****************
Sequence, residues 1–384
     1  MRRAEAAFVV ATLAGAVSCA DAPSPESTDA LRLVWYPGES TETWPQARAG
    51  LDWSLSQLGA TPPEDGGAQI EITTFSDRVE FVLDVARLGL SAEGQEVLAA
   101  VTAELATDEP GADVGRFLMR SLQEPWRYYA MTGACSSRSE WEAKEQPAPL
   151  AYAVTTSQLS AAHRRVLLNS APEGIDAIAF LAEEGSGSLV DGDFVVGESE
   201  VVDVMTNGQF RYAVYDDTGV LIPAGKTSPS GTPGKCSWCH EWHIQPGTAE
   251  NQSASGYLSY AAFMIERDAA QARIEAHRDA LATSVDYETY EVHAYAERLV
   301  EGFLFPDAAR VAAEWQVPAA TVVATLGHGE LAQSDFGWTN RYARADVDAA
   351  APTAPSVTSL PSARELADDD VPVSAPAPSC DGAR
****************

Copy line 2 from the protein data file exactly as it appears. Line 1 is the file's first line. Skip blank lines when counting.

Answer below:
     1  MRRAEAAFVV ATLAGAVSCA DAPSPESTDA LRLVWYPGES TETWPQARAG